Reading this creative resume example almost feels like you’re scrolling down a webpage, not a resume. And that’s an awesome perk for web developer positions.

You can tuck away your personal details to the left in your “sidebar” and keep the focus on your education, experience, and skills in the big white section.

The bottom of this resume also has a “footer” that makes it easy for readers to see the best ways to contact you and take the next step (i.e., schedule you for an interview).

Bonus: Creating an online portfolio is one of the best ways to stand out in a crowded market. So if you choose this template, it can perform double-duty by making a fantastic standalone personal page.

10. Highlighter Happy

Another effective, creative resume example is this one with a thick yellow border and little yellow “highlights” to direct readers to each section.

The bright, happy border adds just enough of a creative touch to show off your personality without being distracting. It also subtly brings in and focuses readers on the meat of your resume. And the highlighted sections make it a breeze to jump around to the intel readers care about most. 

Anytime you make it easier for hiring teams to get to your essential details in less time, you’ll boost your chances of landing in the interview pile.

11. Freeze Frame

Using that standout yellow color again, this next resume adds warm, optimistic pops to help it stand out and command attention. It also has two sections — Work Expertise and Core Skills — where you can add in those vital job ad keywords to make the ATS and hiring teams happy. 

12. Fresh Out Of School or Looking for a Career Change

This next creative resume example may not work for everyone, but it’s super beneficial for those with less career experience or those looking to change careers.

That’s because the template emphasizes the candidate and their standout skills while focusing less on previous job duties and responsibilities.

If you’re just getting out of school or want to enter a new industry, you may not want to fill your resume with job details that don’t pertain to the position in which you’re applying.

So you can use this example to show you have work experience and then utilize your cover letter to explain your specific situation and future career goals.

Similarly, if you’ve had the same role at several noteworthy companies, you can just list their names using this format without repeating your probably-identical job duties three or four times.

So despite this template seeming bare-bones, it provides tons of options that may work for you under the right conditions (i.e., you don’t have a lot of experience to showcase).

Psst! Check out these 10 best entry-level digital marketing jobs next!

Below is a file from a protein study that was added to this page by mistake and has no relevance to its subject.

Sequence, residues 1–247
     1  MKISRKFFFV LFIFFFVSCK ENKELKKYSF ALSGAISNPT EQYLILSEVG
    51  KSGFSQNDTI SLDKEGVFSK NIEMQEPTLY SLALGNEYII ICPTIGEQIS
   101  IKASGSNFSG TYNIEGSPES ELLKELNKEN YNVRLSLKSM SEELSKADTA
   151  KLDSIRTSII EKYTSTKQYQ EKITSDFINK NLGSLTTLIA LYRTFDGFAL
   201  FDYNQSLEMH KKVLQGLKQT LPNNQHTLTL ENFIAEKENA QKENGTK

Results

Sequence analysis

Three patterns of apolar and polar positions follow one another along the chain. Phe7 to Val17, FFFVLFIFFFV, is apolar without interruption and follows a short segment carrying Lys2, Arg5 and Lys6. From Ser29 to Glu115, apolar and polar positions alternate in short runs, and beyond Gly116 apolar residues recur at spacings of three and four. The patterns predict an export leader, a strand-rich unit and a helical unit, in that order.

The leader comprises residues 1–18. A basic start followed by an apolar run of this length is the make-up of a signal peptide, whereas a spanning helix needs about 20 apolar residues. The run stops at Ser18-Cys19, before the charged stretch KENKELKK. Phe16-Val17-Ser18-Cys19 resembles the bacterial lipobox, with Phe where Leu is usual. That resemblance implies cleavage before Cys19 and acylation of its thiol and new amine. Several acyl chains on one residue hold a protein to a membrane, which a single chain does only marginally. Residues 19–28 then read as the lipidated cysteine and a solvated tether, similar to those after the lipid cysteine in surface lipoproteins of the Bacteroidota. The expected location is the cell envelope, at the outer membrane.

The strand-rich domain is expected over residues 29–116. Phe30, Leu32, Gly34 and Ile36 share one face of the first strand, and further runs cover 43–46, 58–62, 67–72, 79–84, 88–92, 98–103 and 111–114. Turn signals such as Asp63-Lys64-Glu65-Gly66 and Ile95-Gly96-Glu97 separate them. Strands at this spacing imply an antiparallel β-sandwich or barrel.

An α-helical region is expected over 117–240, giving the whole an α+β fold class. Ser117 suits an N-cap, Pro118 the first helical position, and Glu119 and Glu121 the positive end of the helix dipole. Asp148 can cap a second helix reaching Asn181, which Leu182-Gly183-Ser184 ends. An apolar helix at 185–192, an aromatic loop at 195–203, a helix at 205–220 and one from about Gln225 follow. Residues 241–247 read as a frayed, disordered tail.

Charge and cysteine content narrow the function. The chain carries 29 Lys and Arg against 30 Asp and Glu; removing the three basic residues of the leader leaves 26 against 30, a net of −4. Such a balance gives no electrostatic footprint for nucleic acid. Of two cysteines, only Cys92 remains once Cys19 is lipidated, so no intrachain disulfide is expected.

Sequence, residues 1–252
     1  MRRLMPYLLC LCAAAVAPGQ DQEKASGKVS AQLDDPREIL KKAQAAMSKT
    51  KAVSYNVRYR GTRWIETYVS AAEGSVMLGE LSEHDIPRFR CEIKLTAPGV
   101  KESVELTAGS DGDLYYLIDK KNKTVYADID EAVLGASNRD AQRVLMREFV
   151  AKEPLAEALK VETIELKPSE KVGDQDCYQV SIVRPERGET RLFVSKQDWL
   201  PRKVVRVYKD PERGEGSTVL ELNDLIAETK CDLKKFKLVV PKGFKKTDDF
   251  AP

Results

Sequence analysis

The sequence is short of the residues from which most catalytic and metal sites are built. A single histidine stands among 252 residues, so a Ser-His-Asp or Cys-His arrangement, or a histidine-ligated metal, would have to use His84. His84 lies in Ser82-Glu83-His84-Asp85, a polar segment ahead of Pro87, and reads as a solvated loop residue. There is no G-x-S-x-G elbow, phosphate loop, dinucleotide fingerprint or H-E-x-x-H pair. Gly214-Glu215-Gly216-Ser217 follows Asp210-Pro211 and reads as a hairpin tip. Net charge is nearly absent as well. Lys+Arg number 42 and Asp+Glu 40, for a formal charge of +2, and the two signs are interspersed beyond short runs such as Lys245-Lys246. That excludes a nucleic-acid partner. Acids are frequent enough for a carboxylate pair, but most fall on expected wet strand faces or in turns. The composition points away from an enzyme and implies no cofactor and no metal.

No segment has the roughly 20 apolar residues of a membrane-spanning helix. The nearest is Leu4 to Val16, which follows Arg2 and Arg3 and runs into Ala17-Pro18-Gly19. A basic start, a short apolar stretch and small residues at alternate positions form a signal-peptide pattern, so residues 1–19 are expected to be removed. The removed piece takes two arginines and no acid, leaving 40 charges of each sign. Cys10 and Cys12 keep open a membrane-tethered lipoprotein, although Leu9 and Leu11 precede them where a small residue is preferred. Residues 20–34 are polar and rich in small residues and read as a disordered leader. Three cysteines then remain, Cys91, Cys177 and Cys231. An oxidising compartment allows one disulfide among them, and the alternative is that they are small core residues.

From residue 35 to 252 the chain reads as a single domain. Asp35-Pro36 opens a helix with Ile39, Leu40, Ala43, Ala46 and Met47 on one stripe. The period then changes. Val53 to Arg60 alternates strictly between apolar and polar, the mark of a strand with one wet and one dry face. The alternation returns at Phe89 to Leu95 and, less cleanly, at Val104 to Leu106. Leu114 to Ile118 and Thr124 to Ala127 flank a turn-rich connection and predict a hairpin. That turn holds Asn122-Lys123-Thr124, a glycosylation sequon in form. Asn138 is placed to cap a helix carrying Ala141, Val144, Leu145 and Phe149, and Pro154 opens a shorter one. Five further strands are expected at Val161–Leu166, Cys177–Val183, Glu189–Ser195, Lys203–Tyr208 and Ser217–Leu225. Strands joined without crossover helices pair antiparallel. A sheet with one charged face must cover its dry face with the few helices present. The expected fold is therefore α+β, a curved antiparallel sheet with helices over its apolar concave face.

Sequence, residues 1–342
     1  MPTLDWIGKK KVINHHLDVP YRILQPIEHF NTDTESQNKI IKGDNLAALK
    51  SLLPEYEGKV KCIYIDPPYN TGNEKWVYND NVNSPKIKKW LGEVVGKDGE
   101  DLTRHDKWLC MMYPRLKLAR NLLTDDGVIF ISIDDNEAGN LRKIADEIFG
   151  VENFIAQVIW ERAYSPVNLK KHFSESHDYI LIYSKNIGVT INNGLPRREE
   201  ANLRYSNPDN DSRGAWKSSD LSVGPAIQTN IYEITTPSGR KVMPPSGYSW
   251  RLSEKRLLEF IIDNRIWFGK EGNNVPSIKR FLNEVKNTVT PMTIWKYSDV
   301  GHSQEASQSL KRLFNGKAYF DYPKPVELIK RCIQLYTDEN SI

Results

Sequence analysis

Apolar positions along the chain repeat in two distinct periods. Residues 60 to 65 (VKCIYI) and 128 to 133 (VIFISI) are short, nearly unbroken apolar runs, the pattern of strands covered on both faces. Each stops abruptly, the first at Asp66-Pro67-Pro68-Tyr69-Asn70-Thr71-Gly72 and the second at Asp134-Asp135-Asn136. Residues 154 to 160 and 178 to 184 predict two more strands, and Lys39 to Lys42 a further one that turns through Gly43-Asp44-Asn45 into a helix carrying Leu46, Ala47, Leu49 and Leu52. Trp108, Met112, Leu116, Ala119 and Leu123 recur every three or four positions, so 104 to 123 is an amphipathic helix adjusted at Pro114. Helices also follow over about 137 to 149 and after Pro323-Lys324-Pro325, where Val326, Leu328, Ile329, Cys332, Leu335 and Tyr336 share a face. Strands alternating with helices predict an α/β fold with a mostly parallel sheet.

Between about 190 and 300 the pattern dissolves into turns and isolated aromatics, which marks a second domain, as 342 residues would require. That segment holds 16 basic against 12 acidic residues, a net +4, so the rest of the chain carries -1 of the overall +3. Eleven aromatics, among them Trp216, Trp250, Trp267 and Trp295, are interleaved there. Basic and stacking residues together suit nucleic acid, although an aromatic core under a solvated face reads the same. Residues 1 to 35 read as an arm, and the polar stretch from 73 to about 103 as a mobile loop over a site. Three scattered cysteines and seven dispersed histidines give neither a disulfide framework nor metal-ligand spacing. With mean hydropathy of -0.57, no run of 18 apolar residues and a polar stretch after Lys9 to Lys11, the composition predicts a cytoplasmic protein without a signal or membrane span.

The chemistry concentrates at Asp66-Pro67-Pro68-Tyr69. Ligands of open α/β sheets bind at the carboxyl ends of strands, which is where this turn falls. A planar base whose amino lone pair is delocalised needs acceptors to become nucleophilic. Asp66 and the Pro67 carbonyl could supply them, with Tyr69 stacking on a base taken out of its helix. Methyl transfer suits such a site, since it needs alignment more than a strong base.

13. Dark Mode, Dark Horse

A dark horse is a candidate who seemingly comes out of nowhere and unexpectedly becomes the perfect fit for the job. This dark mode creative resume example may do just that for you.

While it may not be for everyone, similar to the last resume example, it certainly will help you get noticed in a good way. After all, how many black-background resumes do you think hiring managers see? Not many. 

So if this resume speaks to your aesthetic or one-of-a-kind personality, go for it!

Final Thoughts on Using These Creative Resume Examples

We hope you found a resume example (or two!) to use as inspiration when revamping your job search documents. Any one of these will help you leap out ahead of the (boring) stack.

And guess what? 

All the creative resume examples we shared today can be used as templates in Canva. We linked each resume template above, so you can just plug in your information and customize each option to suit your style.

Play around with some of these examples today, and you’ll have a creative resume that gets noticed in no time!

Then make sure to check Fresh Gigs for the best tech and creative positions! 


6 Good Reasons for Leaving a Job and How to Prepare to Get a New One

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There are plenty of good reasons for leaving a job, but they’re not all created equally.

So before you hand in that resignation letter, you have to think about how you’re going to answer the dreaded Why did you leave your last position? question during your upcoming job interviews. 

To hiring teams, some reasons may be considered red flags that you’re a “problem” employee. However, other good reasons for leaving a job may actually help you stand out in a crowded market.

Today’s guide will help you see the difference, so you can make the best move for your ultimate career goals.